Bogota – student protests in the capital

We arrived in Bogota after an overnight bus journey from Popayan, on which we had been pulled off the bus by two stern looking policemen with rather large guns, asking where our visas were. After politely explaining that we were English and therefore didn’t require visas, they let us back on the bus with a smile and a handshake and we were back on our merry way.

Pulling into the bus station at 9am, we joined the long line of people waiting for taxis. There were hundreds of cabs, but unfortunately the system of asking each passenger where they were going and presenting them with a cost and receipt before getting in the car made things achingly slow and it was a good half an hour before we actually set off for our hostel in Candelaria.

Cute houses in La Candelaria

We’d struggled to find a hostel with half decent reviews and private rooms but had opted for the AlterEgo. Whilst there was nothing wrong with it, there were only a few guests staying there and the atmosphere was somewhat lacking to say the least. We did consider moving to one of the livelier hostels nearby but unfortunately Rich got ill so we decided to stay put in the end.  Still, it was centrally located, cheap, and we had a private bathroom, so I’m not complaining too much.

Student protest banners

On the day we arrived, there were student protests going on, pretty much the same kind of issues as in the UK as far as we could work out. The mood was fairly friendly from what we could tell, but the riot police were out in force and we witnessed the aftermath the next morning when we visited the central square. All the government buildings had been paint bombed, and the walls were littered with graffiti. The statue of Simon Bolivar had been defaced, and a paintbrush strapped to his hand. In the centre of the square hung dozens of protest banners. Apparently the students had been planning to camp out for the night but a rainstorm had quashed those ideas.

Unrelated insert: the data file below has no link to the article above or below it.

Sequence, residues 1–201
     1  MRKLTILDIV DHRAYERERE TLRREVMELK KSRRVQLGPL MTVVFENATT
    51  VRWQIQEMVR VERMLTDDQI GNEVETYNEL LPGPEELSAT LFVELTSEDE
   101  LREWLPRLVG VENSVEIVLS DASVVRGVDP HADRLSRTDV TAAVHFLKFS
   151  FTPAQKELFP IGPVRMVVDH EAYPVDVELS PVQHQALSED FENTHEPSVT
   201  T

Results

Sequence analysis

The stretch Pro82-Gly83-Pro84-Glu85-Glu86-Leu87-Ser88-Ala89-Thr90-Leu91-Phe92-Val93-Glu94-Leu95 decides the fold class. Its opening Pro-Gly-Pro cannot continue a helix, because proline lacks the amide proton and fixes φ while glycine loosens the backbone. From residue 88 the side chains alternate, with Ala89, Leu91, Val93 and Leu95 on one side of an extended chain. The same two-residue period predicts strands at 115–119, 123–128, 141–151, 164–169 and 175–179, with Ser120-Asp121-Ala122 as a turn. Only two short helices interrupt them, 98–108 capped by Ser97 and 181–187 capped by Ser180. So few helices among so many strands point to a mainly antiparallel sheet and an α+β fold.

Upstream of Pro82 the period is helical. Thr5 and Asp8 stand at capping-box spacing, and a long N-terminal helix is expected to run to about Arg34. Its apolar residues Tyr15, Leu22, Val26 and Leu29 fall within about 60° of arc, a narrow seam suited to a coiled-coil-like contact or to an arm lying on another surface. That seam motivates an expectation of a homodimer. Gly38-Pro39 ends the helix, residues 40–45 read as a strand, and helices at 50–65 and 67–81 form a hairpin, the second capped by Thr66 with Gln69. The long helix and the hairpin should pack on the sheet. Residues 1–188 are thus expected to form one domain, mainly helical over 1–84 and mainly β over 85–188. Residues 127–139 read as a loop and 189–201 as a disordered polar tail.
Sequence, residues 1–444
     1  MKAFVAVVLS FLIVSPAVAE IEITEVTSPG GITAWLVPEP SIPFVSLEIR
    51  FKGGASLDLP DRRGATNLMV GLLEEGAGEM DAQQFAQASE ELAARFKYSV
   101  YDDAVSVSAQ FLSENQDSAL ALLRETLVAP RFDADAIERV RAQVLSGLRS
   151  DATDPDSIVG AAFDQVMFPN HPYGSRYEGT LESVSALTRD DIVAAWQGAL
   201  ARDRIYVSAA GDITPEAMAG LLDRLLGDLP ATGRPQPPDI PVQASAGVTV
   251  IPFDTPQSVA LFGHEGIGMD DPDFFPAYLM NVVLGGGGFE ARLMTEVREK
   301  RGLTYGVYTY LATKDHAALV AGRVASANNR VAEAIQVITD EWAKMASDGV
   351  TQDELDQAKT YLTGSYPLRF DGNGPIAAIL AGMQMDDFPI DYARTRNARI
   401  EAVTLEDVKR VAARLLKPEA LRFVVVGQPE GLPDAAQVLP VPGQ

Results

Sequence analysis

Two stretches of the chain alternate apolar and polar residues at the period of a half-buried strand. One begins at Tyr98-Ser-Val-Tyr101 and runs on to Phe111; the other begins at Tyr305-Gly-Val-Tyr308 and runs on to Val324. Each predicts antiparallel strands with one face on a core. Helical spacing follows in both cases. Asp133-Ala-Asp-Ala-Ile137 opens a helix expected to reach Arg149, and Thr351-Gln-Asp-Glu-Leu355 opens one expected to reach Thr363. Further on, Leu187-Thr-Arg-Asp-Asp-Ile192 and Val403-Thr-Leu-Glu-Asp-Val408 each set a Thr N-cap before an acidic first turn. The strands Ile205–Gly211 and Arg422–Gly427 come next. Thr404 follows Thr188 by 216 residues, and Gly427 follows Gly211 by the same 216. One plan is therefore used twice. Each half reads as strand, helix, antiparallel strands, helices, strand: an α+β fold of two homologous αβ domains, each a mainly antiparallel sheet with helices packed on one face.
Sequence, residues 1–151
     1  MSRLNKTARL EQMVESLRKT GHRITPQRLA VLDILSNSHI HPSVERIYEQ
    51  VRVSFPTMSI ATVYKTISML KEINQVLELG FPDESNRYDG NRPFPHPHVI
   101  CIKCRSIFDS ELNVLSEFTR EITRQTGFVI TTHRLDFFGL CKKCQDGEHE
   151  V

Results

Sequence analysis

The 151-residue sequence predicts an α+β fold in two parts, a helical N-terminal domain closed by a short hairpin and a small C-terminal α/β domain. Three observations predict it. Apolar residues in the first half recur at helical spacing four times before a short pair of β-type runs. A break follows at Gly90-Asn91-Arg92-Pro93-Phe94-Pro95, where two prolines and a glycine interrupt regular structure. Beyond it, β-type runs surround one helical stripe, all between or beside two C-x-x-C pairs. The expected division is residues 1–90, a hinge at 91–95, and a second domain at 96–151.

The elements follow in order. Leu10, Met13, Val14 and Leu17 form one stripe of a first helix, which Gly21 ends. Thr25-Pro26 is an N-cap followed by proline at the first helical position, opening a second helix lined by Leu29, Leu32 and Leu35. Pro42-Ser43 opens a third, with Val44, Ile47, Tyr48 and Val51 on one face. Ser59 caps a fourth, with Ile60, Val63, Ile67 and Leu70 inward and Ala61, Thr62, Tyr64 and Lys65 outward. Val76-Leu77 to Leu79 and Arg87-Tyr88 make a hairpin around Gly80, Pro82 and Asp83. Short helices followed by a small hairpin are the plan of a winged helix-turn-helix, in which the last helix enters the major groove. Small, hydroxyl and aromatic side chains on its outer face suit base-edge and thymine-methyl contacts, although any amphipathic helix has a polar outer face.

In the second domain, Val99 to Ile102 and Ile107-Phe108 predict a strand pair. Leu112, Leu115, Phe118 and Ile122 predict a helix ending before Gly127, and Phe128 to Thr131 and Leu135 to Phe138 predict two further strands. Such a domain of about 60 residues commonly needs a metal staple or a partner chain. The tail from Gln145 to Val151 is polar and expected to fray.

Simon Bolivar, complete with paintbrush in hand

We spent the rest of the day exploring the Candelaria area and a few of its museums, including the military museum and the Botero museum, which has a large collection of paintings and sculptures from the artist, who likes to paint everything and everyone fat, including the Mona Lisa, as well as a pretty decent collection of mainly modern art, including works by Picasso, Monet, Dali and Degas. Afterwards, we decided to sample some local cuisine and shared a bean casserole and an ajiaco, a potato soup with corn, chicken, capers, avocado and sour cream.

That evening, we headed first to a bar in Candelaria, Yumi Yumi, for a couple of delicious cocktails, then caught a cab up the Zona Rosa for a few more drinks. We were supposed to meet a friend of a friend but unfortunately the bar was so packed it impossible to find him, especially as we had never met before and so didn’t really know what he looked like! It wasn’t a late one, as we had booked ourselves onto a trip to Andres Carne de Res, a restaurant -bar-nightclub that we had read about in the guidebook which sounded like a lot of fun. We were really looking forward to a big night in a big city so we didn’t want to be hung over.

The streets of Bogota

The next day and Richard woke up in a bit of a state. He spent most of the morning throwing up and the rest of the day in bed and by evening he was still feeling rough so we decided to cancel our night out. We were both disappointed but as it was an organised night out there would be no chance of us coming home early if Rich felt ill, plus it wasn’t cheap so we didn’t want to waste our money if we weren’t both going to fully enjoy it. It’s a shame we didn’t get to fully sample Bogota’s nightlife as we’ve heard it’s great fun but what can you do?

The main plaza in La Candelaria

The following afternoon and it was off to the airport for a short flight to Santa Marta, to hit the beaches in Taganga and Tayrona National Park. We’d had an enjoyable, if a little quiet couple of days in Bogota. It’s certainly not as raw as I had expected – it’s definitely not as grey or edgy as Sao Paulo for instance – but for a capital city there’s surprisingly little to do there. We pretty much saw everything we wanted to see in a day, and apart from nightlife, the city doesn’t have much to keep you entertained. Still, we had fun and now it was off to the coast for some much awaited sun. At last.